RUSH: But here’s what Michelle said. She’s from Chicago. She has come from an affluent family. Her father worked for the Chicago Water Department. Her father had a patronage job, Mayor Daley. Her father was a precinct captain for Mayor Daley. They were not hurting. There was no economic strife in the Michelle Robinson house, and here she is talking about how out of place that she felt. She was talking about the struggle and the frustration of being a minority.
“A first-generation college student,” she talked about herself.
What is that, by the way? What is a first-generation…? (interruption) Is that just a…? (interruption) Okay, that’s what that is? The first kid in your family to go to college? That’s what first-generation…? (interruption) Right. The first generation. You’re maybe not necessarily the first person, but the first generation of the family, like her brother and her. She was the first generation, so her brother was the first of their family’s generations to go to college? (interruption) Right, because she was a “first-generation college student,” struggling and frustrated at Princeton.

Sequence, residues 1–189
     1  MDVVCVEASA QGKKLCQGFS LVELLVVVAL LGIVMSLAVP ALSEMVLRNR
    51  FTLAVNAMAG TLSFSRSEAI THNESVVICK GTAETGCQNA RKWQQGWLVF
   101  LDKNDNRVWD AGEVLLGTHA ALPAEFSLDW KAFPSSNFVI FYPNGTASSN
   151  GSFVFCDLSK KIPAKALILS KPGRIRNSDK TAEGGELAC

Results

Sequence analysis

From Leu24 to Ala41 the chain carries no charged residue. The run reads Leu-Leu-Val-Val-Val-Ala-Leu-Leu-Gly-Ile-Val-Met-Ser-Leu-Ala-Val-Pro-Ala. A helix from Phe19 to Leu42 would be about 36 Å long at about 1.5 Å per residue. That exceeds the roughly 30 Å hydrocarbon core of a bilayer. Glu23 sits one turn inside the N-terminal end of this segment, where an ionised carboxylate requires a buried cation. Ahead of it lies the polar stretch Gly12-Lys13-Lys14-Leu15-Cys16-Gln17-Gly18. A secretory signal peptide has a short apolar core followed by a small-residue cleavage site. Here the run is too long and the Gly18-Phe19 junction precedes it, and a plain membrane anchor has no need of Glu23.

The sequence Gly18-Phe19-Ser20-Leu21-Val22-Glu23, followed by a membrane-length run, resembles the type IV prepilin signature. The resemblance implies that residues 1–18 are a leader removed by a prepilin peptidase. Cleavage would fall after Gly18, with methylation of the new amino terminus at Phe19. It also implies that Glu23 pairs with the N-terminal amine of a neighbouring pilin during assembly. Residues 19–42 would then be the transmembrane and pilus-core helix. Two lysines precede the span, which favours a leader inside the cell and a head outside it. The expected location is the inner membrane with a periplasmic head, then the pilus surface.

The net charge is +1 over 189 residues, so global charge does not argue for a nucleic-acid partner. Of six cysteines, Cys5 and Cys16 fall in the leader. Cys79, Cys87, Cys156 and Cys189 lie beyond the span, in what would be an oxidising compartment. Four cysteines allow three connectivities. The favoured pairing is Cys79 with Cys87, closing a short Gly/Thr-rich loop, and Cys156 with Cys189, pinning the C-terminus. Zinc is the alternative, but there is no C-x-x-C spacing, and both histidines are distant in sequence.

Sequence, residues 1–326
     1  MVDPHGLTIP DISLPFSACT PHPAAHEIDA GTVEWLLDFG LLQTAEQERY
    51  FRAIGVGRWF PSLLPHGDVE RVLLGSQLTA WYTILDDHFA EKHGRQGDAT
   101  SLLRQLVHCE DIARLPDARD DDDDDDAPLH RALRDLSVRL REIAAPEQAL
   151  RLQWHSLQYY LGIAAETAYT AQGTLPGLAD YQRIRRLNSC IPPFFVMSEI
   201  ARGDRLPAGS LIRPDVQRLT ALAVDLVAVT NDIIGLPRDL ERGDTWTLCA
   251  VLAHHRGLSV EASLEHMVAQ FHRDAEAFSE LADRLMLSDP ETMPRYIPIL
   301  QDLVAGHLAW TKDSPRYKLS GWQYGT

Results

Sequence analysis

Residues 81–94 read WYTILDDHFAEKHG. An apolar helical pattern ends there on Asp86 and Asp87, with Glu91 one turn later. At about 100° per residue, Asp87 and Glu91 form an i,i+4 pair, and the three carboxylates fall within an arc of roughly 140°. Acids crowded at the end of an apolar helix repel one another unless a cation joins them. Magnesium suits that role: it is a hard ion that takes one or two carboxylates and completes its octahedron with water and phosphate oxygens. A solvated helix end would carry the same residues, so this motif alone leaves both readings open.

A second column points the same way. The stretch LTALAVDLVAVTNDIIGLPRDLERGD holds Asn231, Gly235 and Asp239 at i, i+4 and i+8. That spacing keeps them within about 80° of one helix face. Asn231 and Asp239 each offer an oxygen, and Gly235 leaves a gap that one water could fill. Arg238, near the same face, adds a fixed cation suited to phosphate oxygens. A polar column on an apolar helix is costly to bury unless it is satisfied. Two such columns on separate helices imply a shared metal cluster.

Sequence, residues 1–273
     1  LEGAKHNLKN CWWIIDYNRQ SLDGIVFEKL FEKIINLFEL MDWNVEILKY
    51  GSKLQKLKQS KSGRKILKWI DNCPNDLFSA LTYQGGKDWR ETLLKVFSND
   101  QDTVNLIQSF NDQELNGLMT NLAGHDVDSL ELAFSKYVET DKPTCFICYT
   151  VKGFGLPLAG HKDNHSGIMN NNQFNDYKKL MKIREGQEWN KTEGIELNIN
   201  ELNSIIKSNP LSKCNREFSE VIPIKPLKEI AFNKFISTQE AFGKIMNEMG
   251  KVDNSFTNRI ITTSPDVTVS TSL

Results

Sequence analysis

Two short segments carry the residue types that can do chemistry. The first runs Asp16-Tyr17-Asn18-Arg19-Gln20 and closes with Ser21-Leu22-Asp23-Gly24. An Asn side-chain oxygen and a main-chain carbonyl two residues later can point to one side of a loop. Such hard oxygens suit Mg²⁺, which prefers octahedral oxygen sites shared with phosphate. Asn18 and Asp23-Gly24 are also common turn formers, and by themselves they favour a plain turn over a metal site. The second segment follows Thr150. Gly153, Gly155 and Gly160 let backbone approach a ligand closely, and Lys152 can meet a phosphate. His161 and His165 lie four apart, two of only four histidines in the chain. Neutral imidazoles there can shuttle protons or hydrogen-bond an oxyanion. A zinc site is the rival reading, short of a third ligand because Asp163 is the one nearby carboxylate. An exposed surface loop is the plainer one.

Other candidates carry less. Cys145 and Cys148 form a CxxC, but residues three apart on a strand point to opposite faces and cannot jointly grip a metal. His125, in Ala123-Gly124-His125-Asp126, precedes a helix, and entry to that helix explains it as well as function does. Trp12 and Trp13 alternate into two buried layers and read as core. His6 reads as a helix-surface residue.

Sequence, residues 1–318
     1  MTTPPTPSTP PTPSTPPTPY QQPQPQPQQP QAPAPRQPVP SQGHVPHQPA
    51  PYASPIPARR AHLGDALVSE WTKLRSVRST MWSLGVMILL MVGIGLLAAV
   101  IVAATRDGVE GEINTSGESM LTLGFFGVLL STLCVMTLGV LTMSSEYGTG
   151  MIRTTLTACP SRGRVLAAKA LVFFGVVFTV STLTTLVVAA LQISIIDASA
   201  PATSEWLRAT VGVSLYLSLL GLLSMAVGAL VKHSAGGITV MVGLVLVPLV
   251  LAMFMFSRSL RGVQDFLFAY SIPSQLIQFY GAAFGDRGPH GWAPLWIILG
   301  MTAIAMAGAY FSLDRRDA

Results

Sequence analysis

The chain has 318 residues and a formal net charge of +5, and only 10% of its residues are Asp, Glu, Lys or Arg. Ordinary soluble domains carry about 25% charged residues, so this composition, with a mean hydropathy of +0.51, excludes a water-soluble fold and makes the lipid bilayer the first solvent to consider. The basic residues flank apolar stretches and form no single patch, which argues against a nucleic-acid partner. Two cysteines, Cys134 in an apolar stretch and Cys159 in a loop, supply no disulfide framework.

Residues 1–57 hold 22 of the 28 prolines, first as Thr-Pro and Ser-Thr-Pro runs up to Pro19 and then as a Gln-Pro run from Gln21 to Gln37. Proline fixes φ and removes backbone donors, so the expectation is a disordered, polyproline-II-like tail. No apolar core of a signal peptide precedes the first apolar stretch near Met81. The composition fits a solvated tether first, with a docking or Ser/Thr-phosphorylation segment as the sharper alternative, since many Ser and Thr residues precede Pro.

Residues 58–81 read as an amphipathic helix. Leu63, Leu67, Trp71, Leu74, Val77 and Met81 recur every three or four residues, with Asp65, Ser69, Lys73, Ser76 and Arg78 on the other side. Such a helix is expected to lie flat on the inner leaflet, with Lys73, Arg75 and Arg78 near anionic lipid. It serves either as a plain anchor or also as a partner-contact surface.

Here’s what she said about it…
MICHELLE: I was a little overwhelmed and a little isolated. But then I had an opportunity to participate in a three-week, on-campus orientation program that helped me get a feel for the rhythm of college life — and once school started, I discovered the Campus Cultural Center, the Third World Center, where I found students and staff who came from families and communities that were similar to my own.
RUSH: Third World Center? That’s where she found comfort from the struggle and the frustration? The Third World Center? Her father worked for the Chicago Water Department. They’re from Chicago, not Ken…